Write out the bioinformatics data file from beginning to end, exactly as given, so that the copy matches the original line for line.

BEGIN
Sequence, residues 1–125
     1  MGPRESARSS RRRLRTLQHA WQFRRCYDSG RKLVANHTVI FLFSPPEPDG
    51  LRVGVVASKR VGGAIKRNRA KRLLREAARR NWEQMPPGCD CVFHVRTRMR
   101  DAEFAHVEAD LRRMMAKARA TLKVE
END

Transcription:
Sequence, residues 1–125
     1  MGPRESARSS RRRLRTLQHA WQFRRCYDSG RKLVANHTVI FLFSPPEPDG
    51  LRVGVVASKR VGGAIKRNRA KRLLREAARR NWEQMPPGCD CVFHVRTRMR
   101  DAEFAHVEAD LRRMMAKARA TLKVE